Korg RADIAS: Cooked Meat


My reasons for buying a RADIAS are a bit iffy, but not entirely unreasonable. Right in the middle of the hilarity when I denounced the MS20 Mini, I was actually seeking a positive – what would Korg themselves consider their progress from that point – where had the MS20’s ideas gone after it was retired for the first time?


Straight after the MS period was a muddle – amidst a bunch of random ideas only the Poly6 and Mony/Poly were careful responses to the American keyboards of the time, but considerably cheaper. Korg took on this budget area with a succession of ever more hideous digital keyboards bottoming at the loathsome Poly800. It wasn’t until the M1 that they seemed to have any clear idea of where to advance themselves, and once they found it there was no shifting them from this ‘high end workstation’ identity. The baroque OASYS physical modelling system and the many splinters of it were the capstone of an edifice that Roland has tried to invade ever since.


Suddenly in 2000 we have the MS2000. Why? The full OASYS keyboard failed to sell, probably because Korg are good at potential but not good at designing its daily use. The big idea was sliced into workloads, and one of these (having belatedly reached the mainstream buyer) was the dance club; thus the Electribe, the Kaoss pad, and the 4 note MS2000. On the evidence it’s not so much an evolution as a de-evolution of an overblown idea and unless there’s been a hero in Korg ruining every design meeting with ‘What are we doing about aceeeeeeeed!?’, my interest is misplaced. Too bad.


No really, on to the RADIAS


Despite the complex history the RADIAS does present some kind of connection with the MS2000 and the MS system before it. There are some quality differences that our Polish friend can explain better than me; I’m really more interested in the oddness, and here it is.


Delete all the factory presets. They’re not terrible, but they make you think the wrong thing right away.


There’s a conscious attempt to lay out a MS style panel, with the 2 oscillators, 2 filters and so on, including a SQ10 down the bottom. I found it easy to set up my test MS sound which is a fake formant made by a hi pass and low pass combination. Not the same sound as the MS20 but pretty nice. To answer GearSlutz question number one: your tendency is to turn up oscillator 1 with your tricky sound then try to put a sine from oscillator 2 under it to add the bass. This will fail. Put the sine in first, then add the tricky sound gently into that. Now use the drive before the filter to warm up this mix and you are done. If you need it, turn up the bass EQ, that’s why it’s there. You now have the phat sound you always use for everything, so go away.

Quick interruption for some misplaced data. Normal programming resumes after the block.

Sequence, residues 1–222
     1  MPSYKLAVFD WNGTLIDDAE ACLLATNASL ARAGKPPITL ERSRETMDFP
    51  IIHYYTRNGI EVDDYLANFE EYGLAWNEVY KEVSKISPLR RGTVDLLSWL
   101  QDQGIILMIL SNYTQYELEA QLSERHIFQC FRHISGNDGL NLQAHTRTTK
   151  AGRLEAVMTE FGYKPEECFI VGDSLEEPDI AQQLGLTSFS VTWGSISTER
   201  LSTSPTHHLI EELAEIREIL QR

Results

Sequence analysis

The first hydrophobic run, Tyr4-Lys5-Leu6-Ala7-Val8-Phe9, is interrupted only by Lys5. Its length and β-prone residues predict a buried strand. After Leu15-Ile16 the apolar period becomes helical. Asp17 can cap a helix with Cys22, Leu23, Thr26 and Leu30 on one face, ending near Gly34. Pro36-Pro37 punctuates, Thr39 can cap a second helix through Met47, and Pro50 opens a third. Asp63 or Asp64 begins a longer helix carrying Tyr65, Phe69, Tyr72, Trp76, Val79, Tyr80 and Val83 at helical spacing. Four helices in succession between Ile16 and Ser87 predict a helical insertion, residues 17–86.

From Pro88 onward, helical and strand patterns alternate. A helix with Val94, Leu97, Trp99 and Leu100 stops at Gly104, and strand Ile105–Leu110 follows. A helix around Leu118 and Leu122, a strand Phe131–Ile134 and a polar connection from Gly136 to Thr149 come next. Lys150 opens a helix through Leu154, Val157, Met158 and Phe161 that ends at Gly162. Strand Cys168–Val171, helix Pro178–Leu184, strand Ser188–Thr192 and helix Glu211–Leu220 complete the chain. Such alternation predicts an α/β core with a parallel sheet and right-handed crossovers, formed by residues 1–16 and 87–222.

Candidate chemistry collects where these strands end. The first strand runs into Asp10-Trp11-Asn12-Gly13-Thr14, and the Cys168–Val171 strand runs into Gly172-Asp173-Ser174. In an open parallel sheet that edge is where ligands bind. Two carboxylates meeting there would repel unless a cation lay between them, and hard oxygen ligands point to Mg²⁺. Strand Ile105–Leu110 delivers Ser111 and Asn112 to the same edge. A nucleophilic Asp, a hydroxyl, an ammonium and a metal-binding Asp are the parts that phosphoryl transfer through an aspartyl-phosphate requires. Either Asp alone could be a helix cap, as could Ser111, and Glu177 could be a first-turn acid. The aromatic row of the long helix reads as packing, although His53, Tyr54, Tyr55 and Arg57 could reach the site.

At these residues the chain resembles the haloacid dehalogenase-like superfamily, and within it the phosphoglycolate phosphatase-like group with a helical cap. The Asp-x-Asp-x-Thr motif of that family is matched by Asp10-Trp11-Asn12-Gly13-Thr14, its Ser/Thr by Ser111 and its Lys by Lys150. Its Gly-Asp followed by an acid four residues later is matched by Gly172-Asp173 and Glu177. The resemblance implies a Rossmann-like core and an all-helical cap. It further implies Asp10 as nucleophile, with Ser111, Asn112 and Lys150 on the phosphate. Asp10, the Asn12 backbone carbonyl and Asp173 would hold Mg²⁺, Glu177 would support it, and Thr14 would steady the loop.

The rest of us can notice useful features spread all over the signal path in unexpected places. There’s a sub oscillator in the amplifier as part of the wave shaper, which must have been where it was needed technically, but logically should be visible alongside the others. Also in this section is ‘punch’ which adds a square wave to the attack only. Osc 1 is the fancy one with PCM samples and supersaws and the like – you’re not going to use the string sound much but the inharmonic spectra are pretty good when detuned as are the various waveform distortions. Osc 2 is less fancy but ready to detune, ring and synch.


While you can ring modulate the two main oscillators, there’s a stereo ring modulator in the effects which adds another LFO and saves you the voice. And in general the three effects sections are all part of the noise making circuit – while something like reverb is obviously for the master effects, the grain shifter seems part of the patch. I’m not dead sure but it also looks like using the FX doesn’t cut into the voice budget, whereas most knobby treatments will halve your polyphony. The strategy is not that of an analogue signal which overcomes circuits downstream, you instead work back and forwards across the whole flow to get the sound you want.


The phrase sequencer is new to me, as I was too poor to buy anything at the time the Electribe was in style. You arm a recording and then tweak a knob to make a ‘phrase’. Now the tweak is part of the sound patch – you can have it do the tweak on each key press, or keep doing it in a loop. Much easier than my SQ10, although the bottom row of knobs can be twiddled in the old way, and I have done so to create burblings that remind me of 1985.


Behind this Vocoder is a door to another dimension.


Right. Vocoder. Shit idea that restarted with the MS2000 and infected everything after with a bad case of Robot Concept Album. But there’s some strange things going on here as well. The first is Formant Motion, something that records up to 7.5 seconds of you yelling YO EVERYONE IN DA HOUSE but only as a modulator for the vocoder. Why wouldn’t you just make it a sound sample? Simpler, more versatile, would still work? I don’t get it, except the Korg engineer guys thought it was extra cool to convert your voice into phonemes. I have to get some time to throw a bunch of stupid sounds in there to see what it does.


Better still is that with much reading and re-reading of the manual I found that you can send a voice’s output to an internal bus, and then have that bus sent to the vocoder such that one voice vocodes another, which is what vocoders were always about in the good old days. So far it sounds horrible, which is a good sign for the future. It was only after I’d turned off the gear for the night that it struck me – what happens if you feed a voice back into itself? Will it explode? It was that moment I knew that the RADIAS is my kind of machine. If you don’t hear from me again – it was a glorious success.

We designed OASYS, the world’s most advanced synthesis system and you didn’t want it? Fuck you, have this crap instead.







It was either this or a red car and I think I chose wisely.